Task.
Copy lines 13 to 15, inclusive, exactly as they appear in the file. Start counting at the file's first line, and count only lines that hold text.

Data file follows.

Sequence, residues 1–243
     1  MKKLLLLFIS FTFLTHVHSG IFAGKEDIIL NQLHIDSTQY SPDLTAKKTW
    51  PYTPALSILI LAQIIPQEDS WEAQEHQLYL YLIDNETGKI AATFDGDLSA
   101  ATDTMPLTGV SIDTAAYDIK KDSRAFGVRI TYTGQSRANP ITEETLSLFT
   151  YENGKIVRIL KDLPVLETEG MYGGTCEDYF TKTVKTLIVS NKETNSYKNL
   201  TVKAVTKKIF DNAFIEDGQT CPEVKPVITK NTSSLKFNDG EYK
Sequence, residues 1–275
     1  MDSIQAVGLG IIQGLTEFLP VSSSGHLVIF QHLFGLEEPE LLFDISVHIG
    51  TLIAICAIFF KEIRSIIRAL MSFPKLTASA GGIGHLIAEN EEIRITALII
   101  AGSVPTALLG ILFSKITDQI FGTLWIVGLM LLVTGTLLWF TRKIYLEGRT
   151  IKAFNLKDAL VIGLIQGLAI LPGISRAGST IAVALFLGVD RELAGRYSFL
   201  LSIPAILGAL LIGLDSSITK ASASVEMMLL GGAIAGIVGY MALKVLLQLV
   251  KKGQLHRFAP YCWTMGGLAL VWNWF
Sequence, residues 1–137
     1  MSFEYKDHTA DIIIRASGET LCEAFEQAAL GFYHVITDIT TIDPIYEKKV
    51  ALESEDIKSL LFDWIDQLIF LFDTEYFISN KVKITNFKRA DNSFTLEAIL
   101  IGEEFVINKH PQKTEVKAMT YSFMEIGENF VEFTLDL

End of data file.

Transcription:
   251  KKGQLHRFAP YCWTMGGLAL VWNWF
Sequence, residues 1–137
     1  MSFEYKDHTA DIIIRASGET LCEAFEQAAL GFYHVITDIT TIDPIYEKKV